Friday, March 15, 2013

Who's Looking Out for the Investigator Sites?

Almost universally, it is the sponsor or CRO that arranges and pays for independent audits of their investigator sites.  It’s no surprise, then, that these audits are designed primarily to benefit the sponsor or CRO, not the site.  As a clinical investigator, wouldn’t it be a comforting change of pace if the auditor assessing your facilities, reviewing your documents, and evaluating your quality systems were looking out for your interests – organizing audit results and tailoring recommendations to help your business?  Many types of organizations do routinely hire independent 3rd party consultants to be conduct audits of their own facilities, for their benefit.  Contract pharmaceutical manufacturers have been doing it for decades.  Might not clinical investigators benefit from the same practice?

How would Investigator Sites benefit from hiring their own Auditors?

Any GCP site auditor that a sponsor hires can assess the site’s compliance with regulations and with the protocol. Any instances of noncompliance that are encountered will be documented and the findings will be reported back to the sponsor.  Auditors you hire yourself are, by definition, on your side, and will do more than identify compliance problems; they will help you determine and implement the optimal solutions.  Unlike most site staff, professional auditors have seen how dozens, if not hundreds, of sites have remediated deficiencies similar to yours and have prevented them from reoccurring – or from occurring in the first place.  They can share best practices and recommend which ones would work best in your particular environment.  They can advise you against bad practices and prevent you from becoming the subject of cautionary tales they may have witnessed at other sites.  They can help you identify inefficiencies in site operations and optimize resources and procedures.

It’s not unusual for an investigator site to hire a consultant when a sponsor threatens to drop them from a study, but periodic 3rd party audits could avoid that crisis altogether.  A proactive auditing program would also prepare an investigator site for sponsor site evaluation visits, even those that occur on short notice.  Favorable audit results demonstrate regulatory compliance and overall study fitness to prospective sponsors, giving the study site a competitive edge over others.  Some sites derive a substantial part of their revenue from conducting clinical research; the impressions they create and the reputation they have in the industry are particularly important to their businesses.  The very existence of an audit program would demonstrate a site’s willingness to invest both time and money in ensuring the quality, safety, and integrity of the research they conduct.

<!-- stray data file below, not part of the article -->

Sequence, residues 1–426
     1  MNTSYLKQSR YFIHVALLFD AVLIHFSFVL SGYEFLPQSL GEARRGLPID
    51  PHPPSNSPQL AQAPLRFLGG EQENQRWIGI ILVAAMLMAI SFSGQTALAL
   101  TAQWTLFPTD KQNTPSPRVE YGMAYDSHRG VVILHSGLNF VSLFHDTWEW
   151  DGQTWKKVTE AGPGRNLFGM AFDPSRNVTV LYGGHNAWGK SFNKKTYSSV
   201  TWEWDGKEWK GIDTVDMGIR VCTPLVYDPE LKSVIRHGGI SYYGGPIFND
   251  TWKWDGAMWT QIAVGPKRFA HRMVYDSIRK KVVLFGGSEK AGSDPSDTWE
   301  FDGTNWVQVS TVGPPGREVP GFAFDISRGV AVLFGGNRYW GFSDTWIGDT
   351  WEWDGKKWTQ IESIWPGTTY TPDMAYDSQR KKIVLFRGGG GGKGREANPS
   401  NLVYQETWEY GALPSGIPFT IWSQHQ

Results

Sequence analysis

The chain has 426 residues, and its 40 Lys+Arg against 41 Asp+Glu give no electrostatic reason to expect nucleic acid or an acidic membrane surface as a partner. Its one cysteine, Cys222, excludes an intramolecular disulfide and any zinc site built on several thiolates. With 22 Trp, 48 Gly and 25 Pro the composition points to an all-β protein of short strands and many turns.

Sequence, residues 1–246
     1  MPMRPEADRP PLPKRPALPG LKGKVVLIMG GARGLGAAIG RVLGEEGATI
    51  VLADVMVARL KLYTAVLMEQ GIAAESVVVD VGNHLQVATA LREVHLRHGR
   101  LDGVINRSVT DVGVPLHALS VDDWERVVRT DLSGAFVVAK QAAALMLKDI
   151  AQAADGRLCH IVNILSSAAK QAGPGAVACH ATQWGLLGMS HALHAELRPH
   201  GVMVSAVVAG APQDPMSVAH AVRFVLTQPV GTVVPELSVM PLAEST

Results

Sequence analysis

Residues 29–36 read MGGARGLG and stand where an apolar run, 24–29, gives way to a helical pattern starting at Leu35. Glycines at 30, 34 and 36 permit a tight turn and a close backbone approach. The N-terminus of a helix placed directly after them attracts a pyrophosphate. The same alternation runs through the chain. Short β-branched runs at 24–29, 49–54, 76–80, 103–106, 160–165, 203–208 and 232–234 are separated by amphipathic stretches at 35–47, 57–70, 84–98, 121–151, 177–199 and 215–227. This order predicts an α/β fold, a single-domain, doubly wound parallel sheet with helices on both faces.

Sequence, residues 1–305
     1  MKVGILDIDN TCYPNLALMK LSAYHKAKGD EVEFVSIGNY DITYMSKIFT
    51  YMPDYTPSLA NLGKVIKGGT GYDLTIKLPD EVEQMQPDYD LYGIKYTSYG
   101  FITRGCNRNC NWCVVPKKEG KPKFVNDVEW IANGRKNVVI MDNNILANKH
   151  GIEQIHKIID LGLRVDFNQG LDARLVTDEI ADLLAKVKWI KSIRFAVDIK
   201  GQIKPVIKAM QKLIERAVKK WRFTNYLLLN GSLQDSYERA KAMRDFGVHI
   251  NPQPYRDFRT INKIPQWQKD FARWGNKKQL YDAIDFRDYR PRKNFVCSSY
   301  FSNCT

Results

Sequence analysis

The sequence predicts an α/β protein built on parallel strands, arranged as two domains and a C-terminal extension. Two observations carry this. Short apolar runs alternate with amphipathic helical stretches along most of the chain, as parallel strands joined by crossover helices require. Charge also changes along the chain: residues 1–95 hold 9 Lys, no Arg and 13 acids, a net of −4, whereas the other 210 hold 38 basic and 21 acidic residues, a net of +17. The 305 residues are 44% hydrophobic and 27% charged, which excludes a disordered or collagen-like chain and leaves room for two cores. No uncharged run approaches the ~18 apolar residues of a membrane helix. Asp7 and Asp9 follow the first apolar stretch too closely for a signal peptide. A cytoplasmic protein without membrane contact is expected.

Why relying on Monitoring may not be sufficient

Of course, part of the study monitor’s job is to look for areas of noncompliance, so why couldn’t a site simply rely on that?  As a matter of fact, most investigator sites do, but there are several advantages to retaining a 3rd party auditor.  A study monitor who finds a compliance issue may recommend a set of corrective and preventive actions for the site to take.  Are these remedies the only ones that could be pursued by the site, or are they the ones that this sponsor is most familiar with?  Would other remediation actions correct the deficiency equally well, and fit more seamlessly into the site’s operations?  That’s not really the sponsor or CRO’s primary concern.

Many sites conduct research for more than one sponsor or CRO.  The manner in which each sponsor or CRO plans to meet regulations may differ; the philosophies they follow may not entirely align, and the guidance they offer the site may conflict.  An independent auditor who has worked with numerous sites, sponsors, and CROs, and on a variety of studies, can help the site staff to reconcile any disparate input it receives.

It can be difficult for a site to determine whether it is receiving an appropriate level of monitoring, especially with the introduction of risk-based techniques.  How much source data is being verified?  Are monitoring visits frequent enough?  Are the remote monitoring techniques being used effective?  These are concerns with which sponsors themselves wrestle.  DIA offers a training course entitled, “Who’s Monitoring the Monitor?”  A key learning objective of the course, “identify common errors and warning signs of problems in site monitoring,” suggests that this very human activity is far from flawless.  Not all monitoring plans are adequate, not all monitors are effective.  An investigator site that relies too heavily on its sponsor or CRO for compliance assurance could be putting itself at risk come regulatory inspection time.  An independent pre-inspection auditor would identify violations before an FDA inspector could encounter them, and prepare site staff for the types of questions and documentation requests the inspector is likely to have.

A clinical investigator site who recently hired us to perform a pre-inspection audit was the inspiration for this blog post.  Site audit requests from sponsors and CROs are quite common; requests from the sites themselves are far less typical.  Curious, I asked one of our senior auditors, a DIA instructor herself, if this might be a new trend in the industry.  “Not in my experience,” she replied, “but it should be.”

If you are one of the small number of investigator sites that hire your own auditors, we’d love to hear how that’s working out.  If you’re not, it might be something to consider.

by Laurie Meehan